Coal country in Northern Pennsylvania forms the landscape of the dark and moving stories in this collection. At once punishing and yet achingly beautiful, the coal-mining-turned-fracking lands feed and shape the characters’ lives. Black deftly handles an assortment of characters and voices, including men and women, young and old, gay and straight, as well as people of varied socio-economic levels.
I appreciate Black’s use of second person point of view in "Lion in the Hills" in which a father speaks to his son. As he goes about the task of removing a mountain lion cub from his property, he ruminates on the death of a former friend and the frailty of marriage. Second person point of view is not easy to pull off, but its use in this story gave it the immediacy and intimacy that the story demanded.
"It Burns," shows a man looking back on his teenage years, when he was caught between troubled friend Danny and Mikaela, the girl everyone knew would leave for college and escape forever. The reader, and possibly the main character, knows his middle class upbringing is at risk and that the choices he makes as a teenager will impact the rest of his life. The melancholy of the narrator, the severity of early life choices, and the masterful way the story unfolded left me gasping at the story's close.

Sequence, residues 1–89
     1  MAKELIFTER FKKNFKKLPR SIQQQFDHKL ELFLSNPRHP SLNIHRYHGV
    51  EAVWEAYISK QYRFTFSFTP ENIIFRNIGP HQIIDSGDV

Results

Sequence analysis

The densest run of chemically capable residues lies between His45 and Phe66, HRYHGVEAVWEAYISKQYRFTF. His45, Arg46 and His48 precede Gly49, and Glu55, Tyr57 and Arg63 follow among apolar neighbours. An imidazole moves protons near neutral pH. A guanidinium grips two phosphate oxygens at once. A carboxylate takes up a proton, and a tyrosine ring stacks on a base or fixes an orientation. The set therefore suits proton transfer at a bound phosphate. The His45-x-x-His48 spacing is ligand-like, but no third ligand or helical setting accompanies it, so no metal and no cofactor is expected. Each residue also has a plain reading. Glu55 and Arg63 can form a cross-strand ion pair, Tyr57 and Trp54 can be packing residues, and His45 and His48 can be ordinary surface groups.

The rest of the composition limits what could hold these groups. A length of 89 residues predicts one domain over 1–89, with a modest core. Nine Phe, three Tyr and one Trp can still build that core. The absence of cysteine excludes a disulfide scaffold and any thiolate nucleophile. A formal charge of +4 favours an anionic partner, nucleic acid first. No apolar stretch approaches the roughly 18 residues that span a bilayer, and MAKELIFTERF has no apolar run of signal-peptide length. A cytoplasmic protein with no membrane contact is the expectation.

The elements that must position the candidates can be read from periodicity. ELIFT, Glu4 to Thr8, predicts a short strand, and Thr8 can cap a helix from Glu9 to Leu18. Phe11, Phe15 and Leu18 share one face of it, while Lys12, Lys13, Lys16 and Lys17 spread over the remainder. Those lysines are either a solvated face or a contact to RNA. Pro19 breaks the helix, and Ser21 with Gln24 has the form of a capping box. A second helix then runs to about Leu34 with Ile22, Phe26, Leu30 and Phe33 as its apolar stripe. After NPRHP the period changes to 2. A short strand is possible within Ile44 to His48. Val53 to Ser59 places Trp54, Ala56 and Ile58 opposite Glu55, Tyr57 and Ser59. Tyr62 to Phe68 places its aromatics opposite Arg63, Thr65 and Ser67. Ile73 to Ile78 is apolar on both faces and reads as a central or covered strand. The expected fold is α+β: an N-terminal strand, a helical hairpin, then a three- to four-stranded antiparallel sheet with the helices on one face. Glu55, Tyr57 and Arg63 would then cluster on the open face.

“Susquehanna, 1960” explores the aftermath of the flooding of a mine by a local river, which killed dozens, maimed many, and left a large part of the community without work. An older miner and a young miner with a ruined leg build a boat together, and set sail for a larger town downriver. Their status as outsiders staring at a future without much hope will leave readers aching.
Each story captured both the treachery of the human condition and also its moments of beauty. This is a collection for readers with rural connections, for lovers of the short story, and, indeed, every serious reader.
William Black’s stories have appeared in The Sun, The Southern Review, Threepenny Review, Crazyhorse, Prairie Schooner, the Florida Review, and many other journals and magazines. He lives in Scranton, Pennsylvania and teaches at Johns Hopkins University.
Reviewed by Shelby Settles Harper.